Gardena Pass in the Dolomites is an absolute must for road lovers

Passo Gardena is a high mountain pass at an elevation of 2.123m (6,965ft) above sea level, located in the Autonomous Province of Bolzano, in South Tyrol, Italy.

Passo Gardena

When was the road to Passo Gardena built?

Located to the east of Sela de Culac (Kulatsch Satte), the summit hosts a hotel with a restaurant, a souvenir shop and a few commercial buildings. A driveway up to the mountain pass was built in 1915, during World War I and in 1960 the first road to the summit was built.

Is the road to Passo Gardena paved?

Located on the northeastern part of the country, the road to the summit, also known as Grödnerjoch and Jëuf de Frea, is totally paved. It’s called Strada Statale 243 (SS243). It is very steep, hitting an 11%% of maximum gradient through some of the ramps. The road has been featured in the Giro d’Italia race.

Is the road to Passo Gardena open?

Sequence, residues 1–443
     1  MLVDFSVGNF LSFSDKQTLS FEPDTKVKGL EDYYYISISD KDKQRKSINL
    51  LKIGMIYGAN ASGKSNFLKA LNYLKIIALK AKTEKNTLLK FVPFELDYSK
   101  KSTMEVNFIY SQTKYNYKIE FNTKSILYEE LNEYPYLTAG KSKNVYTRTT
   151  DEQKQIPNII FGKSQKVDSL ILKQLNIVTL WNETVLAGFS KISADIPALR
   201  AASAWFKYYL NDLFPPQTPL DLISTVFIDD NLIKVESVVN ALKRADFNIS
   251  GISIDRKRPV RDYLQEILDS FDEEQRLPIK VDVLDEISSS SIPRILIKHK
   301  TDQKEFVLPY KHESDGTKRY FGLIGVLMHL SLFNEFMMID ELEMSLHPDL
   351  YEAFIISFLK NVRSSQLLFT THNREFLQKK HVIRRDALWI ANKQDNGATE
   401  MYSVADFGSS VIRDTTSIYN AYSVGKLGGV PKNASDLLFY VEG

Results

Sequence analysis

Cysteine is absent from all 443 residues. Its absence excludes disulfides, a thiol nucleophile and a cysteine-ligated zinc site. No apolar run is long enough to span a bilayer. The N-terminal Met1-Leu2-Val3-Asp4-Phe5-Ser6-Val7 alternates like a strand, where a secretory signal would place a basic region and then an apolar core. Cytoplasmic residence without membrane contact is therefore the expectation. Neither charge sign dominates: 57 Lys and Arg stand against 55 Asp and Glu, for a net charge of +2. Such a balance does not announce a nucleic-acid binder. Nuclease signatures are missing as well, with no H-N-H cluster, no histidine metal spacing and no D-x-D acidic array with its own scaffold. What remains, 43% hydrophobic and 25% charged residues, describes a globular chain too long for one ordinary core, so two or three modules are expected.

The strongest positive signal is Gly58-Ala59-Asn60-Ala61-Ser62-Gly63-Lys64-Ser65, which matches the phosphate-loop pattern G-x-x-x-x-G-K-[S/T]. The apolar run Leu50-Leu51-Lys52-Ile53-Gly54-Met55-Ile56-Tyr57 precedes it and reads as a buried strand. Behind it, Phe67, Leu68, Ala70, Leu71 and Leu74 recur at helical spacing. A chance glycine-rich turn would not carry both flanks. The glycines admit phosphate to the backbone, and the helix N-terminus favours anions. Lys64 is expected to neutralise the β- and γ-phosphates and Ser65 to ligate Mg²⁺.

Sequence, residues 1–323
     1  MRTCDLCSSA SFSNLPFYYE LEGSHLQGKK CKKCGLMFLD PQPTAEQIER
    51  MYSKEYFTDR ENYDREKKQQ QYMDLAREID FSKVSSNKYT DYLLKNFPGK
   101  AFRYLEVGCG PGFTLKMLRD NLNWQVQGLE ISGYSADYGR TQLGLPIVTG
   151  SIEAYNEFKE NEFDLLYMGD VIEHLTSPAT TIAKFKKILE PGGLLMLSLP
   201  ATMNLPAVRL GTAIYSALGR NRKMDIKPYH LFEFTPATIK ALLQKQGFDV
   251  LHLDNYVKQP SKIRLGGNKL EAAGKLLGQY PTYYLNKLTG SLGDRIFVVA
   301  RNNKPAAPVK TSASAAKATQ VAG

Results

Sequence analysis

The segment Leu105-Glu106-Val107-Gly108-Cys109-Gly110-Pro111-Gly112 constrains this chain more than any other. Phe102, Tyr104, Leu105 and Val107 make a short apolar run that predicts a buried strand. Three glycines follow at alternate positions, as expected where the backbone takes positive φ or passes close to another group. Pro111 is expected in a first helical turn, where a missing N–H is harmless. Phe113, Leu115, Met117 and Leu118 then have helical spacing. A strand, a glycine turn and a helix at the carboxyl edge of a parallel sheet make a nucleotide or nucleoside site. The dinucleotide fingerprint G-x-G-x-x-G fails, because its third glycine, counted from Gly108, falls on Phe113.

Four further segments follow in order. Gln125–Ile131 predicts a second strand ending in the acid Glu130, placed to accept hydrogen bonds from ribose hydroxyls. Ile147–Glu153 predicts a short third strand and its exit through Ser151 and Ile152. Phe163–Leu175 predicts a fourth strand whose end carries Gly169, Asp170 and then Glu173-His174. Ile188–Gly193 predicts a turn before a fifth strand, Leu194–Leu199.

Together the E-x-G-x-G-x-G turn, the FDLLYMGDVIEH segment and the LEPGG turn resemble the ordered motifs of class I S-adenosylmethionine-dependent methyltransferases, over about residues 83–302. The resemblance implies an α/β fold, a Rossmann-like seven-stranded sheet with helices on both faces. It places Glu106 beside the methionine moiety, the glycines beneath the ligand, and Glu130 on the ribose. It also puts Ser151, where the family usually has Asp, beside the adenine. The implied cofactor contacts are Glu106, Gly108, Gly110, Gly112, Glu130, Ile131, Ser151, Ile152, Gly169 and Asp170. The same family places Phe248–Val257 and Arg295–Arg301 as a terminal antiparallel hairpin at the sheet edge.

Set high in the Dolomites, within Val Gardena, winters see a fair amount of snow with occasional closures. Rock slide area. It’s one of the busiest passes in the area and becomes very busy with tourists, motorcyclists, and cyclists during the summer, especially from July to August.

How long is the Gardena Pass?

The pass is 15.0 km (9.32 miles) long, running west-east from Plan De Gralba to Colfosco.

Is Gardena Pass worth it?

The pass connects Val Gardena with Val Badia. The drive offers great views, with the majestic Sasslong / Sassolungo in the background. The roads and density of passes against the scenic backdrop of unique mountains makes this area an absolute favorite not just for bikers. The reward for climbing the two punchy ramps of the southern slopes of the Passo Gardena is one of the best descents of your life through the luscious meadows of the Passo Gardena’s eastern flank. Riding this road along the Sella massif, you will find here the classic and worldwide published typical Dolomite Alps landscape.